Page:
That also means that 

the time we spend hustling, we aren't making art .. a situation that, over the long term, can be self-defeating.

So I hope you'll take that into consideration. Living artists need to live. That includes me, of course. But there's a lot of us. After you've wandered over to my Patreon Page, take a look around on Patreon and wherever you spend your internet time. There's good work being done. Please support it.


10 August, 2016

Synthesis and (never) forget it

 Poetry is the synthesis of hyacinths and biscuits. - Carl Sandburg

Ain't no money in poetry, 'cause that set the poet free. Well I've had all the freedom I can stand. - Guy Clark

My old high school guidance counselor, at least two different college academic advisors, and more well-intended but reductive thinking givers of advice have regurgitated in my general direction that statement often attributed to the father of the pedantic fortune cookie fortune, Confucius.
"Choose a job you love, and you will never have to work a day in your life."
This statement is, of course, complete and utter bullshit; but it sounds good when intoned in the ear drums of tween, teen, and college age (and older) "lost" kids who haven't chosen a path to tax-paying socially defined success.  The caveat is, of course, that whatever job it is that you love, make sure it's something reputable and reductive so that when people ask you what kind of work you do, your answer doesn't challenge their basic assumptions about the nature of the life, the universe, and everything.

Of course, everyone likes a writer. Everyone likes a musician. But when either a writer or a musician has the temerity to expect to do what they love* for a living, we are told that's all really cool and all but shouldn't you just love DOING it? Isn't art for its own sake enough?

Art for art's sake is a nice argument for the wealthy class. But it doesn't address the truth that for most of us to create art for its own sake, we have to spend eight or more hours a day NOT CREATING ART and doing something we don't love -- and really, in most cases, don't really like.

But, I still continue to look a jobby-job** in order to do my part for the Parsons/Hay household. As I look for stable work in this "recovered" economy*** I keep running up against the same issues:

  1. There are more people looking for work than there are jobs for which they are qualified. I've applied for work that I'm absolutely qualified for and did not get a call back. It's not personal. There are a lot of people out there with similar qualifications, and a lot of them just out of college who will work for less in the name of getting experience.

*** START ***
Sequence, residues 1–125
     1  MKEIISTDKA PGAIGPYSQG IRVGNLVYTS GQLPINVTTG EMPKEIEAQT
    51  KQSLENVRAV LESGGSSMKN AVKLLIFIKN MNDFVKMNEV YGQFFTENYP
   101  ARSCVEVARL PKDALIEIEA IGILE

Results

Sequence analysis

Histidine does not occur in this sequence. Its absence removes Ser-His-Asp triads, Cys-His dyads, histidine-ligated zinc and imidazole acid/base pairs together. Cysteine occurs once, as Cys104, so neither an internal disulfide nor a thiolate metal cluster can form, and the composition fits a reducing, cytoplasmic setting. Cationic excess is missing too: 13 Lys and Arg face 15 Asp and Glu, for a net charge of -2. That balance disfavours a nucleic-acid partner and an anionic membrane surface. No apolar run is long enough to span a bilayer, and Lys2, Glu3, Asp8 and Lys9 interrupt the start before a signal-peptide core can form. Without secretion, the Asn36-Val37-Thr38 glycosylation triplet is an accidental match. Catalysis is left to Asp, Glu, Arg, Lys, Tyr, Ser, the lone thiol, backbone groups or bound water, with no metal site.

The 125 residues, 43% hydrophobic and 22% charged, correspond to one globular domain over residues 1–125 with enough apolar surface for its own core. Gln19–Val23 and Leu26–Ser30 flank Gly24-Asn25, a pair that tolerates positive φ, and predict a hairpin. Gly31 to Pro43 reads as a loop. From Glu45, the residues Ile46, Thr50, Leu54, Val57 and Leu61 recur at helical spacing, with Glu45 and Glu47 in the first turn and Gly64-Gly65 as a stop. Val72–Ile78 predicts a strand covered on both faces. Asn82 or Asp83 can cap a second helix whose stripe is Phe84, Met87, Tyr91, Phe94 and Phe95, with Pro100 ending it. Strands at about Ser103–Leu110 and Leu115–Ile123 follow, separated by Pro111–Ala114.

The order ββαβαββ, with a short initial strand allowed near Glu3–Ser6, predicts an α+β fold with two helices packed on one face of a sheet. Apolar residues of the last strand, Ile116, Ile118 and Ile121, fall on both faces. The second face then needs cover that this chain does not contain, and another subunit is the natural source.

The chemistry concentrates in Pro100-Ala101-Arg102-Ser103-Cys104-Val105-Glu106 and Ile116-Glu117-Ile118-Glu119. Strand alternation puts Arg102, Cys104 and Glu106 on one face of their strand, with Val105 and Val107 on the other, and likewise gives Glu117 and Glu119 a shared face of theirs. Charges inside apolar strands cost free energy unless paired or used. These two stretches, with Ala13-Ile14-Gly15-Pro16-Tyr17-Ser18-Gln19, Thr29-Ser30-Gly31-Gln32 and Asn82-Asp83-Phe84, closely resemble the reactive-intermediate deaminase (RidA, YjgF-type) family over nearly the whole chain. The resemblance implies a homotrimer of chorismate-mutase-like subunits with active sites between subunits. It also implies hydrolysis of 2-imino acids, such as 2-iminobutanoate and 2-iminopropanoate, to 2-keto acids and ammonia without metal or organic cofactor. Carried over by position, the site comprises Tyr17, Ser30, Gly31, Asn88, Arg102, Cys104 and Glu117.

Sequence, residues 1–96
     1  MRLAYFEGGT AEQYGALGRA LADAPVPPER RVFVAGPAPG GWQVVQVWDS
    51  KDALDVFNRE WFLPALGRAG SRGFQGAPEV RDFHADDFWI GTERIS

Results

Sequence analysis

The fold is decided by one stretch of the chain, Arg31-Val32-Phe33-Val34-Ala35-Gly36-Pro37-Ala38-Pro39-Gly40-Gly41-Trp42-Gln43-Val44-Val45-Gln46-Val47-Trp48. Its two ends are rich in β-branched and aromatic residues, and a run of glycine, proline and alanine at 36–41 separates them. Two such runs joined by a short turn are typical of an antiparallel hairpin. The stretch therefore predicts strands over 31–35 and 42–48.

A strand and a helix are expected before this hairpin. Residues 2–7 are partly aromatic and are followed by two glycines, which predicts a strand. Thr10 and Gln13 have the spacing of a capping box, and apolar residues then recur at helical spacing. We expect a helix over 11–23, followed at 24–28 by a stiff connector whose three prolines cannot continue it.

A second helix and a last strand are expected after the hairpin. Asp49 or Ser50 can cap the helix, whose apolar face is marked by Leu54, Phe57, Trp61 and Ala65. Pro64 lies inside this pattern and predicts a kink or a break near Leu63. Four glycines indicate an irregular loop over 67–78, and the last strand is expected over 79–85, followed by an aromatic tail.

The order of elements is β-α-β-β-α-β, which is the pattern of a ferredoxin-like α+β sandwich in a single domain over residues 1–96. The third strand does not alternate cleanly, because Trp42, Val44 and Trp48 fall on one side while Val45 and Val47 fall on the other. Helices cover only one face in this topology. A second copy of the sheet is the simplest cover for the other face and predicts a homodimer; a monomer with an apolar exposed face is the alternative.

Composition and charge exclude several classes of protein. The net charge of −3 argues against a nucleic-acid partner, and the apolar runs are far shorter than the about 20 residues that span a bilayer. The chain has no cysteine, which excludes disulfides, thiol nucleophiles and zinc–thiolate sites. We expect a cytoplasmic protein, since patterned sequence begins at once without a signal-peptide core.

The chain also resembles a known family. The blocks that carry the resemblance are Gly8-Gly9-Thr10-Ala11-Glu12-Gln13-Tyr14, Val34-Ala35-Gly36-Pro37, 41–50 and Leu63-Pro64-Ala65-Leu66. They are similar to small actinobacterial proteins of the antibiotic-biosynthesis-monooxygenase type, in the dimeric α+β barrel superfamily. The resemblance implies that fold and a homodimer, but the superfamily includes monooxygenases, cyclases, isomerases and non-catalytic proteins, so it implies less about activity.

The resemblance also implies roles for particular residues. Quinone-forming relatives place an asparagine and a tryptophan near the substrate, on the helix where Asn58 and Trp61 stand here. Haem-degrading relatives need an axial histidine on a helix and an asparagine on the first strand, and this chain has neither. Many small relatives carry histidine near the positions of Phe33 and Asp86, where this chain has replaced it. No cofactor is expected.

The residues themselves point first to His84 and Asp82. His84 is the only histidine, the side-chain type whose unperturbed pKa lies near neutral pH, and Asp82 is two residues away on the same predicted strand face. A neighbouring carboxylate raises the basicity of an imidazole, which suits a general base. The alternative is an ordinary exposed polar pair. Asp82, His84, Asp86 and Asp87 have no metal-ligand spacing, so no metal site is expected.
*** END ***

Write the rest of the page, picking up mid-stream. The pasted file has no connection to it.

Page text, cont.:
2. There are plenty of unskilled jobs; but employers have no motivation to hire people with skills and trades to fill them. I'm no snob. All work is noble and deserves respect. But when I apply for those kinds of jobs, I never get a call back, either. Common sense dictates that an employer sees my work experience in the classroom and as a freelance journalist and is inclined to NOT hire me to be a cashier because they assume I won't stick around.
  3. The industries I've worked in the before (writing and teaching) thrive on low morale, low pay, and a disheartening work environment.
So when I'm not looking for work that I know I will neither love nor like enough, I spend my days down in the basement, writing, podcasting, and looking for ways to use my various talents to earn a little scratch.^ As such, I'm making a few changes to my blog that will hopefully enable me to help keep the lights on and food on the table.

If you are a regular reader, you will notice a few changes.

  1. First, I'm using Mail Chimp to set up an email contact list. This is for blog updates and information about my projects ONLY. I will not sell your emails or contact information to any third party.
  2. Second, I've decided to reopen my archives. So, you all have access to my work posted at Fictions from the Dead Machine and American Re:Visionary.  Enjoy.
  3. I still have a link to my work published on Amazon at the bottom of each post. E-books and actual books are available.
  4. I've set up an account through for readers to become patrons. It's crowd source funding that allows anyone to set up monthly payments at different levels. Each level carries it's own level of rewards, included secure and dedicated content for some sponsors If you read the blog and like it, please consider giving $2.50 a month to help me keep the lights on. It's about the price of a cup of coffee -- less if you are a complicated coffee drink connoisseur.
One of the perks of that dedicated content is that you'll get the first whispers about my new projects... including the new podcast that it currently in pre-production.

Thanks for reading.
*To create art, sometimes you hate it. But mostly, you love it.
** A "career" is a jobby-job with retirement benefits.
*** Obama: savior of underpaying, unskilled jobs everywhere.
^ My goal is to make a living with my art, not a killing. I want to live, not work to death.

If you like what you're reading here, I also have work for sale on my Amazon Author Page. Thanks for reading!